Characterizing Communication during Hospitalist Service Changes

1Section of Hospital Medicine, University of Chicago, Chicago, IL
2Section of Hospital Medicine, University of Chicago, Chicago, IL
3Section of General Internal Medicine, University of Chicago, Chicago, IL

Meeting: Hospital Medicine 2008, April 3-5, San Diego, Calif.

Abstract number: 27

Background:

Although shift‐based hospitalist practices involve multiple changes of service, no data exist on how they are conducted. This study aimed to characterize hospitalist handoffs during service change.

Methods:

Between May and November 2007, 14 hospitalists on a nonteaching service at a U.S. teaching hospital were asked to complete an anonymous 18‐item Likert survey 48 hours after service change regarding completeness of handoff communication, certainty of care plan for patients on the service, time spent getting to know patients, missed information, and near misses or adverse events due to poor service changes. Dichotomized Likert variables were used to summarize service change characteristics. The effects of communication completeness during service change on the ability of hospitalists to pick up new patients and the occurrence of adverse events/near misses were determined using chi‐square tests. Statistical significance was defined as P < .05.

Results:

Forty‐nine of 55 surveys (89%) were obtained. The majority (87%) of service changes involved communication on the day prior to the transition. Verbal communication was common (90%), most often by phone (77%) and in person (17%). Forty‐eight percent of handoff communications lasted 6‐15 minutes. Ten percent of hospitalists reported incomplete handoffs, and 18% were uncertain of care plan on transition day. At least 1 bad outcome or near miss resulting from poor communication, was reported by 14%. Time spent on communication was not associated with handoff completeness, certainty of care plan, or adverse events/near misses. Hospitalists who reported incomplete handoffs were more uncertain about patient care plans on the transition day (80% incomplete vs. 11% complete, P < .001). Hospitalists who were uncertain about the care plan on transition day were more likely to report “missed information” that would have helped if included in the handoff (40% uncertain vs. 9% certain, P = .009) and more likely to spend more time (>16 minutes) dealing with issues arising from missing information from the service change (78% uncertain vs. 18% certain, P < .001). Types of missing information included the rationale for nonstandard care and advice from consultants.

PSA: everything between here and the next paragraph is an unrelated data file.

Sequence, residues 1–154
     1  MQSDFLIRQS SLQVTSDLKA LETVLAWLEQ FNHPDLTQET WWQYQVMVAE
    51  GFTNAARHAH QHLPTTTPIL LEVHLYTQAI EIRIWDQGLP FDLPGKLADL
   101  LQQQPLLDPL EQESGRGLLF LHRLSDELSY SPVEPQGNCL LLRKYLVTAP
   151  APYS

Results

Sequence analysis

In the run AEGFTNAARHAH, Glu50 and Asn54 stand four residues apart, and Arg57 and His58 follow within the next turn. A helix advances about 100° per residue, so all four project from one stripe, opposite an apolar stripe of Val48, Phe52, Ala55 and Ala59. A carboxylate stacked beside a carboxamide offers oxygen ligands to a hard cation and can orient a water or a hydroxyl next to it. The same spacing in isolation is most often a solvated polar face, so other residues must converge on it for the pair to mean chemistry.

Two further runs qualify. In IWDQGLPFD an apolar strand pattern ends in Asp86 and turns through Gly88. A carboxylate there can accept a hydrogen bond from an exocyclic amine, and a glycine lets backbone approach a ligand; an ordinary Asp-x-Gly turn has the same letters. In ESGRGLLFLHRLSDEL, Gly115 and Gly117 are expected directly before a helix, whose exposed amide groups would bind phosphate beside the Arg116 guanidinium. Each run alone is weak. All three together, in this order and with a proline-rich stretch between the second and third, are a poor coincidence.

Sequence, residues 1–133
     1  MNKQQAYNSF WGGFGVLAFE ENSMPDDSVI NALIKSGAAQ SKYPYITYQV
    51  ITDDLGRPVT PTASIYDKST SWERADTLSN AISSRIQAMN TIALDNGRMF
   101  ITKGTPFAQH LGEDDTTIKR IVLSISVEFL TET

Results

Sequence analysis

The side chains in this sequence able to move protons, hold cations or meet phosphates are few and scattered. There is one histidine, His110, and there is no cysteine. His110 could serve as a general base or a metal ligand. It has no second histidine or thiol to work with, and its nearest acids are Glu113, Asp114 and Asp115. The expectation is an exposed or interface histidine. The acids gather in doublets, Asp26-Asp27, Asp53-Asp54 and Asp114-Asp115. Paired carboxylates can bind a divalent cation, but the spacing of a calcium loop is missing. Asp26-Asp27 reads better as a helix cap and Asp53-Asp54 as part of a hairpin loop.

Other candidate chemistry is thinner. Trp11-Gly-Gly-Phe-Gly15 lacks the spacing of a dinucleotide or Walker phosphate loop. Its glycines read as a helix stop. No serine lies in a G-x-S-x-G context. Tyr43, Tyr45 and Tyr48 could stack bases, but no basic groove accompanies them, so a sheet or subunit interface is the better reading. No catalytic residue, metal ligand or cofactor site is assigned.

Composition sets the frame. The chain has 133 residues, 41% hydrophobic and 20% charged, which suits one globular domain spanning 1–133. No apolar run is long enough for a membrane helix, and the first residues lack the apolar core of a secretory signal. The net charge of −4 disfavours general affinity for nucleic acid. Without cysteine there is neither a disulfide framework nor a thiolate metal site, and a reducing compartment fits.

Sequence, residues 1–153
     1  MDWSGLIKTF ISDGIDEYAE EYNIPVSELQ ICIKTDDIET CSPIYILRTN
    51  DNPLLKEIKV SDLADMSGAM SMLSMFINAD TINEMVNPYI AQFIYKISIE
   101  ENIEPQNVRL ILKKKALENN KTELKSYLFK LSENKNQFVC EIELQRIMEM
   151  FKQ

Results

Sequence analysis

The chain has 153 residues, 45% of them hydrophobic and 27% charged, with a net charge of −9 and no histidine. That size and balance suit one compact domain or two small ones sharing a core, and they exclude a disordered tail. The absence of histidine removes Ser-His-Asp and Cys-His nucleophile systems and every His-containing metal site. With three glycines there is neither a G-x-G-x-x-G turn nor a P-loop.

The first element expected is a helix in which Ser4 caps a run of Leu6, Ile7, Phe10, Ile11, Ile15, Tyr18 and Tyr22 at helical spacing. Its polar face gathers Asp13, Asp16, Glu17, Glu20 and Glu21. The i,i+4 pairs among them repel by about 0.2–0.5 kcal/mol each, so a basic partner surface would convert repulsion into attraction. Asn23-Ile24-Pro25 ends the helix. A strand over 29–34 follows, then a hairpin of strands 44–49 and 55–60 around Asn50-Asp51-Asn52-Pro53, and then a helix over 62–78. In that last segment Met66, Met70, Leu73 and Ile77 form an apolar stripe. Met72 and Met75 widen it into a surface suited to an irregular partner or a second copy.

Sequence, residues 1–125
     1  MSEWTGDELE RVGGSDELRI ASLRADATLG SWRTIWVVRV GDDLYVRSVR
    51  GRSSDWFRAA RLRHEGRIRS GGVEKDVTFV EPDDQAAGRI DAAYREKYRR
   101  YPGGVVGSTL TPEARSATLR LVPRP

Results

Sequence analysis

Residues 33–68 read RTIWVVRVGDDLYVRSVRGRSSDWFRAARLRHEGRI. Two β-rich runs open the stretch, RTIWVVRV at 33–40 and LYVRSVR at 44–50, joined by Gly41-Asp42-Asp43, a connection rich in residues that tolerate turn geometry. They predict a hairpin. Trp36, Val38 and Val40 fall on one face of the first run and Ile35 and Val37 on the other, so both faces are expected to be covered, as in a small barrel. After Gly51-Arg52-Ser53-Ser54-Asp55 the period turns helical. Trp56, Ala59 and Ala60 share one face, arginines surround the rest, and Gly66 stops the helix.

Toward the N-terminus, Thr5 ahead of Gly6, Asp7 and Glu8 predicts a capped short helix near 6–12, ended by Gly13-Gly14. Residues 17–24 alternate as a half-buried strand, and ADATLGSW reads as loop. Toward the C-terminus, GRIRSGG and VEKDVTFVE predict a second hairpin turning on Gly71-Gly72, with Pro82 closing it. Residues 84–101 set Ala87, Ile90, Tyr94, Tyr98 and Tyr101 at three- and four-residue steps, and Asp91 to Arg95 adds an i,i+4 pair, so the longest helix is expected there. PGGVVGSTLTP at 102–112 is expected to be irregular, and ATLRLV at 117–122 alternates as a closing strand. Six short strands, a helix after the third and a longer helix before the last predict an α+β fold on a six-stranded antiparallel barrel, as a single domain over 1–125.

Conclusions:

Incomplete service changes were associated with uncertainty of patients' plans of care. Uncertainty about care plans was associated with “missed information” and more time dealing with issues arising from it. Interventions to improve hospitalist service changes are indicated.

Author Disclosure:

K. Hinami, University of Chicago, employee; J. Farnan, University of Chicago, employee; V. Arora, University of Chicago, employee.

To cite this abstract:

Hinami K, Farnan J, Arora V. Characterizing Communication during Hospitalist Service Changes. Abstract published at Hospital Medicine 2008, April 3-5, San Diego, Calif. Abstract 27. Journal of Hospital Medicine. 2008; 3 (suppl 1). https://www.shmabstracts.com/abstract/characterizing-communication-during-hospitalist-service-changes/. Accessed November 13, 2019.

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